What is a Turk? Which 1924 definition does Gül want?

The Turkish president weighs in with a suggestion that could form a deal between Kurds and Turkish nationalists

The most heated debate over Turkey’s new constitution is over what to call its citizens. Today, if you hold a Republic of Turkey passport you are officially a Turk. No other identity carries official recognition. That might be okay if you consider yourself an ethnic Turk, but what if you are a Kurd? Or a Circassian? Or an Armenian?

One view, increasingly common these days, is that the “Turk” label should be an umbrella identity under which “ethnic sub-identities” like Kurds, Circassians and indeed ethnic Turks could fall. There are some – the pro-Kurdish Peace and Democracy Party (BDP) support this line – that the umbrella identity should be called Türkiyeli (literally: “of Turkey”), a term hitherto mostly used by Turkish Cypriots to distinguish themselves from mainlanders. But there are others, like Nationalist Movement Party (MHP), who reject the umbrella identity entirely: to them, everyone is a Turk, plain and simple.

As the debate goes on within the parliamentary group charged with writing the new constitution, Turkey’s president, Abdullah Gül, weighed in on CNN Türk yesterday with his thoughts. He proposed returning to the definition used by Turkey’s Ataturk-era constitution from 1924.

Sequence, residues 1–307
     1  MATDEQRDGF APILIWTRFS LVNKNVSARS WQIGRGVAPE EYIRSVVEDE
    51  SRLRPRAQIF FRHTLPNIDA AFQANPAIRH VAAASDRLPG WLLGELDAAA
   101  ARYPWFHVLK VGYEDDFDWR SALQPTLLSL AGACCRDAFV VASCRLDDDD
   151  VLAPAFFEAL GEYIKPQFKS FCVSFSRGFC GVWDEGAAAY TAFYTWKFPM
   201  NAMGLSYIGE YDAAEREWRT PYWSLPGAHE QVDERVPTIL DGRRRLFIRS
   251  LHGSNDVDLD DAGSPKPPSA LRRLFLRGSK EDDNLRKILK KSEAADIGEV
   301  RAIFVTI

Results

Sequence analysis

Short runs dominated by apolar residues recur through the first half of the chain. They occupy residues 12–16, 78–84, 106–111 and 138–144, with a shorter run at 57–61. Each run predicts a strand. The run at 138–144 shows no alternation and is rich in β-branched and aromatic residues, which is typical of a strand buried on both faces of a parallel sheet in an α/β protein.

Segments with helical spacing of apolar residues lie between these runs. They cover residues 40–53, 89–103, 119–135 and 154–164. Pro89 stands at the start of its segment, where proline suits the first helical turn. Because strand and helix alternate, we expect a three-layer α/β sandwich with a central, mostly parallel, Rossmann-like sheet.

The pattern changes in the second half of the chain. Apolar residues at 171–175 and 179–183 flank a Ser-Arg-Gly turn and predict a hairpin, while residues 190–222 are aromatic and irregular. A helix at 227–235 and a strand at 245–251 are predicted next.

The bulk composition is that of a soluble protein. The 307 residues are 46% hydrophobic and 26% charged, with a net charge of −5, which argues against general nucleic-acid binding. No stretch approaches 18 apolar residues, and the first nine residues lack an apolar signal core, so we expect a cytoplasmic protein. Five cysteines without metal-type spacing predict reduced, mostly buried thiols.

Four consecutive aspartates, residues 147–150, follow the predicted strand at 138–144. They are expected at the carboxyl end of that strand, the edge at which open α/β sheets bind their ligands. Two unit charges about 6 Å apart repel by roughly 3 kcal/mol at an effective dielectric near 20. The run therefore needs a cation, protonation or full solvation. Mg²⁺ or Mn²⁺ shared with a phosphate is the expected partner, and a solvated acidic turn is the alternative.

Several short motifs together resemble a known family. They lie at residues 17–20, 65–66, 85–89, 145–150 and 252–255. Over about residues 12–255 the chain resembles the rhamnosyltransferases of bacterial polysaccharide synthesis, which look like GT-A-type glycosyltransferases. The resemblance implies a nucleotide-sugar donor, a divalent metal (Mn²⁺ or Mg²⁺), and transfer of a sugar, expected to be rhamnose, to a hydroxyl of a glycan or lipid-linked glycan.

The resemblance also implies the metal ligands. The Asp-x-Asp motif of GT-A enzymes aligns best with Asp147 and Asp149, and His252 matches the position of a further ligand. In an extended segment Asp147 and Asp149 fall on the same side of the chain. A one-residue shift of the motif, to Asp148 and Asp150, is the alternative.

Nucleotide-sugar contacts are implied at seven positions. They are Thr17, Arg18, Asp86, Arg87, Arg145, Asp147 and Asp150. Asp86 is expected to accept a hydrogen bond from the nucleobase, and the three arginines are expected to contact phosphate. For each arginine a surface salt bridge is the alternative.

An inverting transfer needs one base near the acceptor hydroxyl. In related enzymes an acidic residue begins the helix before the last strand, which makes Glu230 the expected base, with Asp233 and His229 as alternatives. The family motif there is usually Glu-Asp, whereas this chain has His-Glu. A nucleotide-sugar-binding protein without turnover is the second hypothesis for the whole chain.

Here’s what the relevant bit of article 88 of that constitution said:

In the ahali of Turkey, without distinction of race or religion, “Turk” shall be the term of citizenship.[1]

This constitution was in force until the military coup of 1960, but it was altered before – in 1945, when the language of the entire document was updated to modern Turkish and all the Ottoman Turkish terminology flushed out.

This is what the 1945 revision of article 88 said:

In Turkey, without distinction of race or religion, everyone in citizenship terms shall be called a “Turk”.[2]

On first glance, there’s not a lot to separate the two. A few words have moved around, but the gist of this sentence in article 88 is that everyone in Turkey shall be called a Turk, whatever their race or religion might be.

However, there was a subtle change meaning during the translation from Ottoman to modern Turkish. The difference centres on the Ottoman Turkish word ahali, deriving from the Arabic, which the Turkish Language Association today defines as “a community or society composed of people who share no other common characteristics other than their presence in the same place”.

Put simply, the original article implied Turkey is a diverse society united by common citizenship. The 1945 revision said Turkish citizenship is held by everyone irrespective of that diversity.

So understanding Mr Gül’s idea of Turkish identity really depends on which iteration of the 1924 constitution he had in mind. Turkey’s media and the Twittersphere have been quoting the latter version, probably because it is easier to understand.

But it is the earlier version that is remarkably tolerant. Of course, it is light years ahead of the current constitution, accepted in 1982 after the PKK had emerged as a militant force, which liberally sprinkles the phrase “Turkish nation” and references to “Turkish citizens” throughout.

[1] Türkiye ahalisine din ve ırk farkı olmaksızın vatandaşlık itibariyle “Türk” ıtlak olunur.

[2] Türkiye’de din ve ırk ayırd edilmeksizin vatandaşlık bakımından herkese “Türk” denir.

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